(accessed 7 April 2011).
7. http://alienatedinvancouver.blogspot.com/
2011/03/what-youve-got-to-understand-
about.html (accessed 7 April 2011).
8. Japan's nuclear reactor: radioactive leaks;
www.bbc.co.uk/news/world-asia-pacific-
12911190 (accessed 7 April 2011).
9. http://modernsurvivalblog.com/nuclear/
fukushima-reactor-no-2-the-most-vulnerable-
design/(accessed 7 April 2011).
10. www.marketwatch.com/story/text-of-
obama-speech-on-energy-2011-03-30?siteid=
rss&rss=1.
11. George Monbiot; Guardian, 22 March 2011
www.guardian.co.uk/commentisfree/2011/m
ar/21/pro-nuclear-japan-fukushima.

12. www.guardian.co.uk/environment/2011/
mar/29/nuclear-power-safe-sir-david-king.
13. Barnaby F and Kemp J, 2007. Secure Energy?
Civil Nuclear Power, Security and Global
Warming. Oxford Research Group. ISBN 978-0-
9552846-1-8.
14. http://en.wikipedia.org/wiki/Electric_arc
_furnace#Environmental_issues (accessed 14
April 2011).
15. Hamish McRae. The Fukushima effect glob-
ally, will be colossal. Independent 30 March
2011.
16. www-formal.stanford.edu/jmc/progress/
chernobyl.html (accessed 7 April 2011).
17. Fairlie, I and Sumner D, 2006. The Other
Report on Chernobyl (TORCH) pdf available on
request.
18. http://shop.ippnw.de and www.ippnweu-
rope.org/commonFiles/pdfs/Atomenergie/ip
pnw_bulletin_web.pdf.
19. Report of the UN Chernobyl Forum Expert
Group "Health". Health Effects of the
Chernobyl Accident and Special Health Care
Programmes. Geneva 2006.
20. IARC Press Release No. 168.
www.iarc.fr/en/media-centre/pr/2006/
pr168.html.
21. RP Gale and T Hauser, 1988. Final Warning:
The Legacy of Chemobyl. Warner Books; New
York.
22. AP Møler and TA Mousseau, 2011 Rigorous
methodology for studies of effects of radiation
from Chernobyl on animals… Biology Letters
http://rsbl.royalsocietypublishing.org/content
/5/3/356.abstract.
23. www.hse.gov.uk/nuclear/news/2011/
mar-japan.htm (accessed 14 April 2011). See
also the attachments on this report.
24 http://nuclearinfo.org/view/policy/gov-
ernment/a2132.

Medicine & Global Survival • June 2011

60

Ihave been asked to explain as diagnostic

radiologist briefly the difference between
radiation used in diagnostic x-ray and
nuclear medicine studies and the radia-
tion being emanated from a failing nuclear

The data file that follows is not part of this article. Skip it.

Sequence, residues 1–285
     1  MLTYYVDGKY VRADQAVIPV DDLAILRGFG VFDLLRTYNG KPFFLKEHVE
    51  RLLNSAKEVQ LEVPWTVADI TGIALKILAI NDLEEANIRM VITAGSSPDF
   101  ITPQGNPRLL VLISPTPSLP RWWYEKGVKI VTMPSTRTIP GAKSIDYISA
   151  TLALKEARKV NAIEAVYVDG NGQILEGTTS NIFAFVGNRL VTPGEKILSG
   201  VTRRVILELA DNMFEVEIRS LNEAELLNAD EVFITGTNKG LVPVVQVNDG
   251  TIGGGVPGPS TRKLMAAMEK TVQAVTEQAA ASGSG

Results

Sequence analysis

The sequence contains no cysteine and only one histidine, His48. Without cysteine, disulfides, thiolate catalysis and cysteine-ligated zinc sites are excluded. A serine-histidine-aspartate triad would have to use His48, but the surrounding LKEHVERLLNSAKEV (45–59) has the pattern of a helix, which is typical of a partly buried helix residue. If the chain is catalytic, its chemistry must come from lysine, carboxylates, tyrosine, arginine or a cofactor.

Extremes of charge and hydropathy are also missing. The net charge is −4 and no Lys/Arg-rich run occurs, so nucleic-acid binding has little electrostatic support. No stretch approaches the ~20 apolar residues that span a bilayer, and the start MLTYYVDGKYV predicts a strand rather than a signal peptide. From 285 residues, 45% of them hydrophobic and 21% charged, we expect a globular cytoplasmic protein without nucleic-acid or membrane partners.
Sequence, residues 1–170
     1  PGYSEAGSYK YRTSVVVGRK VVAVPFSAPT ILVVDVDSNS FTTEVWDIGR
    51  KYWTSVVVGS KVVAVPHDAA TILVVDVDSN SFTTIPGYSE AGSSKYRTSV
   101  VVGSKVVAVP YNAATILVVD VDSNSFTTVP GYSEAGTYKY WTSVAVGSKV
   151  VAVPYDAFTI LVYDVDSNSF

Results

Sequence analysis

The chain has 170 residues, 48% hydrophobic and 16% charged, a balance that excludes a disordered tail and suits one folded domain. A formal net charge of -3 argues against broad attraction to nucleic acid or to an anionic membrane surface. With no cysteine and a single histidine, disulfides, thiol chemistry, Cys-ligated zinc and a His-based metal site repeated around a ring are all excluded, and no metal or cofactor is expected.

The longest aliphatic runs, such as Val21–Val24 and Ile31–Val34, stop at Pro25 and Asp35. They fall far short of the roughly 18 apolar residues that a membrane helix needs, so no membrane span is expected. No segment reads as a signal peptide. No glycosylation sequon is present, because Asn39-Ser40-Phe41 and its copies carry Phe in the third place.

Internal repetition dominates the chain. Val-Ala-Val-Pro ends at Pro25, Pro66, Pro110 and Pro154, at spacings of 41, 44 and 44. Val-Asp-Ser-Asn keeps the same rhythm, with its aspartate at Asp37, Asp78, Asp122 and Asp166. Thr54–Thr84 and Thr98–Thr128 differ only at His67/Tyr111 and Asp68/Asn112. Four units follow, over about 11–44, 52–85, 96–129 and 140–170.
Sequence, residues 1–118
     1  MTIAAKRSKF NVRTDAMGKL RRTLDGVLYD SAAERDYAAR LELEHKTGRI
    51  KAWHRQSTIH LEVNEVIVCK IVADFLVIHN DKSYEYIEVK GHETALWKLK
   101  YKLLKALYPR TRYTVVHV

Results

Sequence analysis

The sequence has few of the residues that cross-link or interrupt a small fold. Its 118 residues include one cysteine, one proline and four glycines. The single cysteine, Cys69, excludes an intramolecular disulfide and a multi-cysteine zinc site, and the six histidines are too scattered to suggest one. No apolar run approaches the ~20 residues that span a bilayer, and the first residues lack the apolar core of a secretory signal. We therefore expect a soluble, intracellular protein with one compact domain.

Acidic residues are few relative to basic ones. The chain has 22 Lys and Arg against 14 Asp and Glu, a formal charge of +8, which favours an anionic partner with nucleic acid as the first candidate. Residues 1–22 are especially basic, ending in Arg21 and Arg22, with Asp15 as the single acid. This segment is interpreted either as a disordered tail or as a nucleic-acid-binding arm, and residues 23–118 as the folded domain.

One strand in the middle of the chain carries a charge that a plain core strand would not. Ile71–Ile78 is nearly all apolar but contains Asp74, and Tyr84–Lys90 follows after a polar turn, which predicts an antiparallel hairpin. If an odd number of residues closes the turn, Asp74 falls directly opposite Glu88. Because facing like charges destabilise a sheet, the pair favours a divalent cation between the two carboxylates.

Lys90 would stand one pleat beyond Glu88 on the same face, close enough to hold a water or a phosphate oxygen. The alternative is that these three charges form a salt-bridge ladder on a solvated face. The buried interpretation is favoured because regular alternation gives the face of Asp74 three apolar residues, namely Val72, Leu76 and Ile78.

power plant as is unfortunately now happen-
ing in Japan.

Different types of ionizing radiations

Radiation is called “ionizing” because it
can harm the cell nuclei in living tissues,
cause disease and even death depending on
the dose. Radiation occurs naturally in cer-
tain rocky areas in the world and is being
emitted by certain substances called radioac-
tive isotopes . The most powerful of those
ionizing radiations is gamma radiation which
is used for diagnostic x-ray and for radio-
therapy but also in nuclear power plants for
electricity production.

Radiation in medicine

As gamma radiation can penetrate tis-
sues, it has the advantage—if used with cau-
tion and in reasonably small dosages—to
make the inner organs of the human body vis-
ible. This is done in two ways: either by using
an x-ray tube to send gamma-rays through

the body or by injecting into the body very
small doses of a short lived radioactive
radioisotope, usually technetium. The infor-
mation compiled through the use of comput-
ers will be transmitted via x-ray films or CT
sensors or gamma cameras to give informa-
tion about different organs and measure accu-
mulation of technetium or other radioisotopes
in the body.

Being short lived, all injected radioactive
material will have disintegrated and been
eliminated by the patient within minutes or
hours. Whether using external radiation in x-
ray machines or CT scanners or whether
injecting radioactive substances in nuclear
medicine studies, radiologist always use
minute doses which are known not to harm
the patient. Every patient seen by them needs
a diagnosis and radiation may be used if med-
ically justified: the risk of missing a patient's
serious disease is much higher than the risk
potentially induced to him by the burden of
ionizing radiation. Occasionally other non-
radiological methods, i.e., non ionizing, such
as ultrasound or magnetic resonance imaging,
can also be used to render a diagnosis.

Medicine & Global Survival • June 2011

61

Radiation in medicine
and in nuclear power plants:
the same but very different